In a system in which the government provides for public libraries, the selection and weeding of available books will never be free of politics. In the scenic Texas Hill country, the commissioners of Llano County replaced its library board in 2021 and asked the newbies to do a content review of all books in its three branches.
Twelve books, all for children and young adults, were selected for removal. They include Caste: The Origins of Our Discontent by Isabell Wilkerson, They Called Themselves the K.K.K.: The Birth of an American Terrorist Group, by Susan Campbell Bartoletti, Being Jazz: My Life as a (Transgender) Teen by Jazz Jennings, and Gary the Goose Has Gas on the Loose.
When these books were removed, seven residents sued claiming that their rights under the First and Fourteenth Amendment were violated. On March 30, federal Judge Robert Pitman in a preliminary injunction ordered the Llano County Library System to return the books and not remove any more. He indicated that the removals and close content regulation would not likely pass constitutional muster.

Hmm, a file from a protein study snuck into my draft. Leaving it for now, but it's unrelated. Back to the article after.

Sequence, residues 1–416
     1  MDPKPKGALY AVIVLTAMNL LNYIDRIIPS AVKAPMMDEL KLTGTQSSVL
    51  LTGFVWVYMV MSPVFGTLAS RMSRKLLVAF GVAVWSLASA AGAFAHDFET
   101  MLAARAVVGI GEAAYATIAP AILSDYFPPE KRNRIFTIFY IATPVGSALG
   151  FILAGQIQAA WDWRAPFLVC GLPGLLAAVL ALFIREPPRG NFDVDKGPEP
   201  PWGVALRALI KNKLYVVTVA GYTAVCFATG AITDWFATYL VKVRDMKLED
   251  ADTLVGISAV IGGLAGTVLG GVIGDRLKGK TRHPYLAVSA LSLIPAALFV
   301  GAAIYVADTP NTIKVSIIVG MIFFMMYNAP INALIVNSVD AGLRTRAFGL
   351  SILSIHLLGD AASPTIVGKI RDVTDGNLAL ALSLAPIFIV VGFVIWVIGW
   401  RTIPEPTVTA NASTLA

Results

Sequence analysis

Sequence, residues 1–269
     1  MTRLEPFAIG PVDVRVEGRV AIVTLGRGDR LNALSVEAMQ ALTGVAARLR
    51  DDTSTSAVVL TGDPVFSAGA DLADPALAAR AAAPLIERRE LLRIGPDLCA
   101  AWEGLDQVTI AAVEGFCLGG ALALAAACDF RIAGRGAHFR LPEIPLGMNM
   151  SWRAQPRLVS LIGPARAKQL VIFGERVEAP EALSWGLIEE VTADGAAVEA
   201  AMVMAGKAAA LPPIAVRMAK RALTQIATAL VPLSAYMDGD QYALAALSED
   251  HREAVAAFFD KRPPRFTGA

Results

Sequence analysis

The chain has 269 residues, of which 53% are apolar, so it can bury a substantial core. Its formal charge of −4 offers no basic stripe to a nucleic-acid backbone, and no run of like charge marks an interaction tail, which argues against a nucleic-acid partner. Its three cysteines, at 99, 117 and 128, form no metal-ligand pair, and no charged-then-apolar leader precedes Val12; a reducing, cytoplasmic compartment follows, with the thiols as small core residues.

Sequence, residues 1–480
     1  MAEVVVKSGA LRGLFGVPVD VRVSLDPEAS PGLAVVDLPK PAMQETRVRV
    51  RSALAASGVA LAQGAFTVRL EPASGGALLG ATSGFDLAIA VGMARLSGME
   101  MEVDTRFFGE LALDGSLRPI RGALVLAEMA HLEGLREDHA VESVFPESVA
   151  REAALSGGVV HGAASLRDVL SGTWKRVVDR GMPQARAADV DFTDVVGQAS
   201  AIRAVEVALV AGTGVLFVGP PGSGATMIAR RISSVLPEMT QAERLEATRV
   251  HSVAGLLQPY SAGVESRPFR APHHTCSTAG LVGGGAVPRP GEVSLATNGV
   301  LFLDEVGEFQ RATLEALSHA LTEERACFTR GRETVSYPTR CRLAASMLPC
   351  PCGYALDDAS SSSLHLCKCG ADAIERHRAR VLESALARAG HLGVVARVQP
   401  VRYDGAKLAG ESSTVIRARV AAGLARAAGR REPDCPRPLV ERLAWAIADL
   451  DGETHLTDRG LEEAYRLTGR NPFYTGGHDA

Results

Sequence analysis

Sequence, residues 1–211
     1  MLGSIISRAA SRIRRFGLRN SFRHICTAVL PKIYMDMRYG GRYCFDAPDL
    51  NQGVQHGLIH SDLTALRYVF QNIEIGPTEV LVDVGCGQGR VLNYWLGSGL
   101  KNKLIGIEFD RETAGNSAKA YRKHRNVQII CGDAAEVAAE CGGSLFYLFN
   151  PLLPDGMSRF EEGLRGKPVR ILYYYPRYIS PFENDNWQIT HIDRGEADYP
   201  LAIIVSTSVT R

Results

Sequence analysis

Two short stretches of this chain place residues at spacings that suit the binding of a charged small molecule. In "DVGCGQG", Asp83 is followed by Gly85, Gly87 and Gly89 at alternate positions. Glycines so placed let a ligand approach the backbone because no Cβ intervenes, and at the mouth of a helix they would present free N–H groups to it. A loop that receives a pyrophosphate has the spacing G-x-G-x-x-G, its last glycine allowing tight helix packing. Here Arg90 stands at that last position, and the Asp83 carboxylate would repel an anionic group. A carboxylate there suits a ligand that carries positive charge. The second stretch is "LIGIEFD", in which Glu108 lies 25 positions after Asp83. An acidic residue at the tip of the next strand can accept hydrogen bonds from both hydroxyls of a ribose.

The commission responded by debating the closure of Llano County’s entire library system.
Reasonable objections to ideological extremes can sometimes veer into political frenzy. Llano County, a popular place in deer hunting season, has yet to make it on the map as a hotbed of 1619 activism and Frankfurt School cultural Marxism. As a native Texan named Laura Bush said, “I have found that the most valuable thing in my wallet is my library card.” To be fair, some books are too obscene or deranged to belong in a public library. It would be a shame, however, to pulverize a center of learning out of pique at a judge and a moral panic over a flatulent goose.